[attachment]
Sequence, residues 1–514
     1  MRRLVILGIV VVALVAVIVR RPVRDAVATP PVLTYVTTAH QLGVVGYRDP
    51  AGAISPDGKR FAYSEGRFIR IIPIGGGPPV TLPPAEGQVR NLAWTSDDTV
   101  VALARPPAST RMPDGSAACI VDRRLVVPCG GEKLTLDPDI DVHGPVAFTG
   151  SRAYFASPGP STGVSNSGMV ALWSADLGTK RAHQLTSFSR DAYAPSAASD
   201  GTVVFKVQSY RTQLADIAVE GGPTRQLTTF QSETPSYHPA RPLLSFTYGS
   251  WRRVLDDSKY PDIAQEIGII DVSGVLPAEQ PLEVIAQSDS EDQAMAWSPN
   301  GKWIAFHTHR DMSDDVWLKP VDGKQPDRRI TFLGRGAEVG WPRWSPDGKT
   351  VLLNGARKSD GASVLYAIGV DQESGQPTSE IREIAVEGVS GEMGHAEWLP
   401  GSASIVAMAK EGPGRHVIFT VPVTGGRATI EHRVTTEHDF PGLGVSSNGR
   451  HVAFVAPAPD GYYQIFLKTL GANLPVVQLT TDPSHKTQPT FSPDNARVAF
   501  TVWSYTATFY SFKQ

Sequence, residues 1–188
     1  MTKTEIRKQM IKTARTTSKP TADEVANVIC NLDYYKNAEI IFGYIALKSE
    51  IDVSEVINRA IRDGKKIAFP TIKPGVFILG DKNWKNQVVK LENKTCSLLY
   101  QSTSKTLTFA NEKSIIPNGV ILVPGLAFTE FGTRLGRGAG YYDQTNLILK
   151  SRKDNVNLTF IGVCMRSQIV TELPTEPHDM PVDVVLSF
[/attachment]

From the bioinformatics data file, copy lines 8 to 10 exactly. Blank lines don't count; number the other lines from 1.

   301  GKWIAFHTHR DMSDDVWLKP VDGKQPDRRI TFLGRGAEVG WPRWSPDGKT
   351  VLLNGARKSD GASVLYAIGV DQESGQPTSE IREIAVEGVS GEMGHAEWLP
   401  GSASIVAMAK EGPGRHVIFT VPVTGGRATI EHRVTTEHDF PGLGVSSNGR